Arctic Oscillation response to the 1991 Mount Pinatubo eruption: Effects of volcanic aerosols and ozone depletion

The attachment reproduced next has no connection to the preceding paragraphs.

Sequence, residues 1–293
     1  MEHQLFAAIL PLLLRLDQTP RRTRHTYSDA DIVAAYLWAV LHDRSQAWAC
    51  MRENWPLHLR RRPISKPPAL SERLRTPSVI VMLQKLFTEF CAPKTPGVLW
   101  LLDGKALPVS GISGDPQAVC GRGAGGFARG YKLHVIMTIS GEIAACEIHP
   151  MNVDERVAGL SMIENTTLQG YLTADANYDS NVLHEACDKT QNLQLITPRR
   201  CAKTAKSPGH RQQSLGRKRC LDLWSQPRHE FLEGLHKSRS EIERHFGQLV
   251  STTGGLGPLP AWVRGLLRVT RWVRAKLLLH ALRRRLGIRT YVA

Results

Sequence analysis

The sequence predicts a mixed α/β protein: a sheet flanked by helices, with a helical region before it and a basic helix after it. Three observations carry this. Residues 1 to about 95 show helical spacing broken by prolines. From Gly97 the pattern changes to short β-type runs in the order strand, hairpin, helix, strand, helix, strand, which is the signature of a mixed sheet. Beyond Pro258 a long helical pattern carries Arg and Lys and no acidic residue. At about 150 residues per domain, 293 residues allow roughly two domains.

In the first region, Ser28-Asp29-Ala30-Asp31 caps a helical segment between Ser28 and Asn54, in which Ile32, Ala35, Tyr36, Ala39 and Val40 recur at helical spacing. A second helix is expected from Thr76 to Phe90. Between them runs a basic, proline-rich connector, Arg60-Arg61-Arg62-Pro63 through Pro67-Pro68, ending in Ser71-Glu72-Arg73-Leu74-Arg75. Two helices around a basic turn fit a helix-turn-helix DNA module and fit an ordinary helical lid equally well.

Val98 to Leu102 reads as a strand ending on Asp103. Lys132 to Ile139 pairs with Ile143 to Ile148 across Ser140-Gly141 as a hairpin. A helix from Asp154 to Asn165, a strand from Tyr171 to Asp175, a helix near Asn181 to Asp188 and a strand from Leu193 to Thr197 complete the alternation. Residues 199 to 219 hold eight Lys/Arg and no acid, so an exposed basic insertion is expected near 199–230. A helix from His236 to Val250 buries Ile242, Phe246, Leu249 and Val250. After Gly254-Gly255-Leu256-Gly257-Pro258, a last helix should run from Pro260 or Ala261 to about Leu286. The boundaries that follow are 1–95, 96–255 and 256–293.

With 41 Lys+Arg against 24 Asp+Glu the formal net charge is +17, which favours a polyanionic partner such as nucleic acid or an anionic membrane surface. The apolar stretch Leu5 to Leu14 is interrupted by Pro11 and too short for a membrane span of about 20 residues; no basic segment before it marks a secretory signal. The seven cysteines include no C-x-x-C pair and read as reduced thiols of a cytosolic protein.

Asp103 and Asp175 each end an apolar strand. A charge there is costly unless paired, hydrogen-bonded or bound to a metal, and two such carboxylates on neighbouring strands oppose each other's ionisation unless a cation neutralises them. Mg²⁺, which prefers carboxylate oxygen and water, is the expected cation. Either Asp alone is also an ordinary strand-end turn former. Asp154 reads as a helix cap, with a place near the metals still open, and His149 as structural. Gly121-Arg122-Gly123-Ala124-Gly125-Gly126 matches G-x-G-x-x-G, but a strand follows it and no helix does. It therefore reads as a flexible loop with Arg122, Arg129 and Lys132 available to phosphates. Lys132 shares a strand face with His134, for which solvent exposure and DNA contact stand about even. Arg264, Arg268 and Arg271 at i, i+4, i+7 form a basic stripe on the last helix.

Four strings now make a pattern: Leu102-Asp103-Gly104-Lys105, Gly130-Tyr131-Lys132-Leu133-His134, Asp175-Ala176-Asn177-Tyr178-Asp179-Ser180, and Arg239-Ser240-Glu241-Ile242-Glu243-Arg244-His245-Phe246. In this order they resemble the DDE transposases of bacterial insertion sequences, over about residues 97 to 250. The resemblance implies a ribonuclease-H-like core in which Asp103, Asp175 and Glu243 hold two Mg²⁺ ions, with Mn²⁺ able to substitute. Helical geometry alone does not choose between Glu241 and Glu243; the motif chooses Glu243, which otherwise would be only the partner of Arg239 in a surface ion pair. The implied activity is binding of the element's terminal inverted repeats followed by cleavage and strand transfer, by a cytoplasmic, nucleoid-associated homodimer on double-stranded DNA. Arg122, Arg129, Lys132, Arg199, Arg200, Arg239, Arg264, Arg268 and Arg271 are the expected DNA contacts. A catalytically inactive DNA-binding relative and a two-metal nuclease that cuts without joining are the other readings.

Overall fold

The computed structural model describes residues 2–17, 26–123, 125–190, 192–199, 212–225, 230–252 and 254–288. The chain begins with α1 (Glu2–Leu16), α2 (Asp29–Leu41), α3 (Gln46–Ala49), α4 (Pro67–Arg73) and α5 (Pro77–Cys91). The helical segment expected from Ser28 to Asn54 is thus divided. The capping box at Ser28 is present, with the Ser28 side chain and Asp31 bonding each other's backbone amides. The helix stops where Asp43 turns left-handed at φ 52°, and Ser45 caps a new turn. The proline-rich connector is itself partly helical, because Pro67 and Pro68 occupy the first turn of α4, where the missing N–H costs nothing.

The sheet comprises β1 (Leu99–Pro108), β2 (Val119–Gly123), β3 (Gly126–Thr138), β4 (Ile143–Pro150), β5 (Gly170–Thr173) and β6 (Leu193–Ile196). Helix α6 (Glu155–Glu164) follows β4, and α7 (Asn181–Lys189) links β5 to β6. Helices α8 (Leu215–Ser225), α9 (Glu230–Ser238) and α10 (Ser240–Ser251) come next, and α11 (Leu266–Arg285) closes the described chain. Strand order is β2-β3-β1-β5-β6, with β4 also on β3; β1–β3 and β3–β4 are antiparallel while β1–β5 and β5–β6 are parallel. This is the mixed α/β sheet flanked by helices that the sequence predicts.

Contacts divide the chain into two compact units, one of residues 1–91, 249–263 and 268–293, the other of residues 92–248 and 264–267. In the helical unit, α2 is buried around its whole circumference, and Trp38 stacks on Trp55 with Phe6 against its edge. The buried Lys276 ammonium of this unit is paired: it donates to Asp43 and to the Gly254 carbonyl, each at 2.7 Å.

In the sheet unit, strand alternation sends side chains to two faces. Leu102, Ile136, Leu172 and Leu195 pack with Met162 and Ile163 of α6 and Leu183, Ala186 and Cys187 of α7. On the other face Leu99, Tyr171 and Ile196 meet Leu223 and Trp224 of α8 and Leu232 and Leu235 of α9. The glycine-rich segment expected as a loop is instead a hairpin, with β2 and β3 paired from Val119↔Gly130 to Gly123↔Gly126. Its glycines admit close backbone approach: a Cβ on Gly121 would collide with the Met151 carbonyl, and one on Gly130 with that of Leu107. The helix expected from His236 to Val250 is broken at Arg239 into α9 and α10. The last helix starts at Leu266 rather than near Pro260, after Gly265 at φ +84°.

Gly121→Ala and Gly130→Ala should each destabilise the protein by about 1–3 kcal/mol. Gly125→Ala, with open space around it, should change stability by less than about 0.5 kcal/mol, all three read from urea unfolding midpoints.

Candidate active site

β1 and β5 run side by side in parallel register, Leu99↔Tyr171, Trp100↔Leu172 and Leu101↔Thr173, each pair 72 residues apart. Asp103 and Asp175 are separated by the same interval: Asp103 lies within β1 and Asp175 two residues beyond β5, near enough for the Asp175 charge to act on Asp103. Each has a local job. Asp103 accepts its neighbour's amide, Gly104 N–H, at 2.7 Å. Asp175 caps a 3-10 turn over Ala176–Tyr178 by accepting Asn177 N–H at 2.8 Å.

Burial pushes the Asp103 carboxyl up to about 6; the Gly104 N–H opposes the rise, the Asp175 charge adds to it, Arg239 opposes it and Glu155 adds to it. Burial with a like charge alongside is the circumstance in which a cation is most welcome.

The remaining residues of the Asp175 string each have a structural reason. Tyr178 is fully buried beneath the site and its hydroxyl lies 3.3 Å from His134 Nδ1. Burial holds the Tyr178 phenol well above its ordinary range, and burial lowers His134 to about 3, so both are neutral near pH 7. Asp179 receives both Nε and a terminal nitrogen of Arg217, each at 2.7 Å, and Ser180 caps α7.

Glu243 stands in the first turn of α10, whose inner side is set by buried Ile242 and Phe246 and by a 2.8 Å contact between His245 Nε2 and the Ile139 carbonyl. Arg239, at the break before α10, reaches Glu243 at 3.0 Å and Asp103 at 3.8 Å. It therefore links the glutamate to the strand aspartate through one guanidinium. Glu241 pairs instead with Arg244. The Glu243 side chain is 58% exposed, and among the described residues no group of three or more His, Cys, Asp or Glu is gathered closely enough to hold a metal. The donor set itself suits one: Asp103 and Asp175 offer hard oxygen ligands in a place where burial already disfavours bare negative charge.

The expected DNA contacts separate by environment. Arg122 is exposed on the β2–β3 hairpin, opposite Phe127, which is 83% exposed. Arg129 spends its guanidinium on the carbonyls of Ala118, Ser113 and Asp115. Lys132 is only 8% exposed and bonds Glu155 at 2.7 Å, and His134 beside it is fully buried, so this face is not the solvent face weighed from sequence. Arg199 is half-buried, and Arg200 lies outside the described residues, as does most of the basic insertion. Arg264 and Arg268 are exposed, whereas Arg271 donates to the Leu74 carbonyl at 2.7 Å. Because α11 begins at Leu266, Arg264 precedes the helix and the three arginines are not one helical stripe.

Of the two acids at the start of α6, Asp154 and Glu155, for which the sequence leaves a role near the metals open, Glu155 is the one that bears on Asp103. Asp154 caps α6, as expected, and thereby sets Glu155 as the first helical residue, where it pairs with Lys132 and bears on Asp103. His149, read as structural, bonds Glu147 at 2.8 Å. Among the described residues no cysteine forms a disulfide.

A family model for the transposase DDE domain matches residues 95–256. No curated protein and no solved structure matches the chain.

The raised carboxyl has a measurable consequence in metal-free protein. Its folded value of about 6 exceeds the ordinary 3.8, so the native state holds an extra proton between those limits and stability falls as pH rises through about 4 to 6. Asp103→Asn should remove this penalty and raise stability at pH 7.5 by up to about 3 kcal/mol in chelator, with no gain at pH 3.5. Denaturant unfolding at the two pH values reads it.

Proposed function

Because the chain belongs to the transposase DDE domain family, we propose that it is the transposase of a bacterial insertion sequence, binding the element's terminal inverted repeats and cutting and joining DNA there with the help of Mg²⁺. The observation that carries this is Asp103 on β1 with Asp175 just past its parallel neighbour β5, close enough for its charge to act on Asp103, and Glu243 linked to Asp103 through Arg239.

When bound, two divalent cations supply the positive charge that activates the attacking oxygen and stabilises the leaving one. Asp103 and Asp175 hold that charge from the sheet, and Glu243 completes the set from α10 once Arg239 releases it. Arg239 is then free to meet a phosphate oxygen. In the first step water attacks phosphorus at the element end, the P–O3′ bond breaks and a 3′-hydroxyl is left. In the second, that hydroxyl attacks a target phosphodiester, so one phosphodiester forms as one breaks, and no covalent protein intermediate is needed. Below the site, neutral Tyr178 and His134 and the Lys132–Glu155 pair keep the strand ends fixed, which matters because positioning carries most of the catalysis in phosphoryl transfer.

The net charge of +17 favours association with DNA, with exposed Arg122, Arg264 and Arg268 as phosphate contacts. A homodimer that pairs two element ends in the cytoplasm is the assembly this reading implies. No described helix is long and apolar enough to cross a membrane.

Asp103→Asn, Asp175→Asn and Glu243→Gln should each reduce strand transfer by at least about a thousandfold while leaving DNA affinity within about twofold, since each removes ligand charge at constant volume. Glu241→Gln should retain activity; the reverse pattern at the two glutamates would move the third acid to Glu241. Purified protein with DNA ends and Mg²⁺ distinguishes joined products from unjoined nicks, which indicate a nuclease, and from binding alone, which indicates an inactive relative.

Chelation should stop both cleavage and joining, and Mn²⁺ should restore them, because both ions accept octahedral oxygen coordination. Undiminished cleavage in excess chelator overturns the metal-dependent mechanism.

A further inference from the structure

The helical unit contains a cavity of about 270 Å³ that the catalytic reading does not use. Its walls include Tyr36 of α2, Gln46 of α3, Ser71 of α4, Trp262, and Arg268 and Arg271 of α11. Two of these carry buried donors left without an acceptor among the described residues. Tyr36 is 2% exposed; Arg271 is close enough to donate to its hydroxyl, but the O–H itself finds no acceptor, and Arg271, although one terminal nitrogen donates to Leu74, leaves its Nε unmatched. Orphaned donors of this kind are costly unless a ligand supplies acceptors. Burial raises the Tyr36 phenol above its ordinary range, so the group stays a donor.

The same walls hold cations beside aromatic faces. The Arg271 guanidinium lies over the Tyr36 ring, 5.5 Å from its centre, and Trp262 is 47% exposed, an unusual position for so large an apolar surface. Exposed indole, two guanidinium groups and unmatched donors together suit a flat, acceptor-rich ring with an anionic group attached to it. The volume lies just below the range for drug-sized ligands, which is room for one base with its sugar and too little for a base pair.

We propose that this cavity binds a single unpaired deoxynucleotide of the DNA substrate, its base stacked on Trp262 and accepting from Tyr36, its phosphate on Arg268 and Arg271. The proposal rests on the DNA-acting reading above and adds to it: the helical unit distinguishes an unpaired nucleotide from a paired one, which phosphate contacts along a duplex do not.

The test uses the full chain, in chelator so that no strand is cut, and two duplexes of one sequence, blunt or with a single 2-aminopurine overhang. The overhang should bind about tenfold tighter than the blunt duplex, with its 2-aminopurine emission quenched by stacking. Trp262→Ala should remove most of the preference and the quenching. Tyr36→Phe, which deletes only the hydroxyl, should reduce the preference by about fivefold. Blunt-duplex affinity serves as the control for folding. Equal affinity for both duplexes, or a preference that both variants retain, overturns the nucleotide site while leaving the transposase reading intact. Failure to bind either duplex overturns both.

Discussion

[1] Observations show that strong equatorial volcanic eruptions have been followed by a pronounced positive phase of the Arctic Oscillation (AO) for one or two Northern Hemisphere winters. It has been previously assumed that this effect is forced by strengthening of the equator-to-pole temperature gradient in the lower stratosphere, caused by aerosol radiative heating in the tropics. To understand atmospheric processes that cause the AO response, we studied the impact of the 1991 Mount Pinatubo eruption, which produced the largest global volcanic aerosol cloud in the twentieth century. A series of control and perturbation experiments were conducted with the GFDL SKYHI general circulation model to examine the evolution of the circulation in the 2 years following the Pinatubo eruption. In one set of perturbation experiments, the full radiative effects of the observed Pinatubo aerosol cloud were included, while in another only the effects of the aerosols in reducing the solar flux in the troposphere were included, and the aerosol heating effects in the stratosphere were suppressed. A third set of perturbation experiments imposed the stratospheric ozone losses observed in the post-Pinatubo period. We conducted ensembles of four to eight realizations for each case. Forced by aerosols, SKYHI produces a statistically significant positive phase of the AO in winter, as observed. Ozone depletion causes a positive phase of the AO in late winter and early spring by cooling the lower stratosphere in high latitudes, strengthening the polar night jet, and delaying the final warming. A positive phase of the AO was also produced in the experiment with only the tropospheric effect of aerosols, showing that aerosol heating in the lower tropical stratosphere is not necessary to force positive AO response, as was previously assumed. Aerosol-induced tropospheric cooling in the subtropics decreases the meridional temperature gradient in the winter troposphere between 30°N and 60°N. The corresponding reduction of mean zonal energy and amplitudes of planetary waves in the troposphere decreases wave activity flux into the lower stratosphere. The resulting strengthening of the polar vortex forces a positive phase of the AO. We suggest that this mechanism can also contribute to the observed long-term AO trend being caused by greenhouse gas increases because they also weaken the tropospheric meridional temperature gradient due to polar amplification of warming.